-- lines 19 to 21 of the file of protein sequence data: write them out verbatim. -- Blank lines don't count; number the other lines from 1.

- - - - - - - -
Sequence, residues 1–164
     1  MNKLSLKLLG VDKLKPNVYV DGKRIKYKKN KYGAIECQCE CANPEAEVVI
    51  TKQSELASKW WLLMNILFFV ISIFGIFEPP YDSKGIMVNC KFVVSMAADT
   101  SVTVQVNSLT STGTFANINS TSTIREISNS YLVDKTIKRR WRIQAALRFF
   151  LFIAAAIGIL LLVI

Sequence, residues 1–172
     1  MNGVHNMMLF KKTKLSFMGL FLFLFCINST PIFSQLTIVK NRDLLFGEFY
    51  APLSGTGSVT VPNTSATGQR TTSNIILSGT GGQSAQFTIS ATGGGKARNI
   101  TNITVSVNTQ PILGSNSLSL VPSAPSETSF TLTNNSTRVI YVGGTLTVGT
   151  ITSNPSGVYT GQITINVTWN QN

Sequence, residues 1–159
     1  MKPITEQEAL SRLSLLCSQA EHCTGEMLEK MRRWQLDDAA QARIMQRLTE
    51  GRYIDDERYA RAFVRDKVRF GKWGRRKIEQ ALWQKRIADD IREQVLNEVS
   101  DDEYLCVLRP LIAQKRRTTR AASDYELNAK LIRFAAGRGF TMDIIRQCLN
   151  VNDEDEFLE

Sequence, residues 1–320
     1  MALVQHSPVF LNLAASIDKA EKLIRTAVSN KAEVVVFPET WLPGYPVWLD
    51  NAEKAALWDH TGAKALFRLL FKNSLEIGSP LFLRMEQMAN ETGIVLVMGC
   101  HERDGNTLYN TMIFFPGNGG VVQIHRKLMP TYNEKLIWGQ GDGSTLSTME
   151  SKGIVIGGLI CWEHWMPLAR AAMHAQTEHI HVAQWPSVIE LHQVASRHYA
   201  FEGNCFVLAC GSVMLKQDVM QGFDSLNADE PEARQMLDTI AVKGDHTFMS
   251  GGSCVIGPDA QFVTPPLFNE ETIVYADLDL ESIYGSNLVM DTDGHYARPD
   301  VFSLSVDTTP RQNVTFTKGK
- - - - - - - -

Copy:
   101  HERDGNTLYN TMIFFPGNGG VVQIHRKLMP TYNEKLIWGQ GDGSTLSTME
   151  SKGIVIGGLI CWEHWMPLAR AAMHAQTEHI HVAQWPSVIE LHQVASRHYA
   201  FEGNCFVLAC GSVMLKQDVM QGFDSLNADE PEARQMLDTI AVKGDHTFMS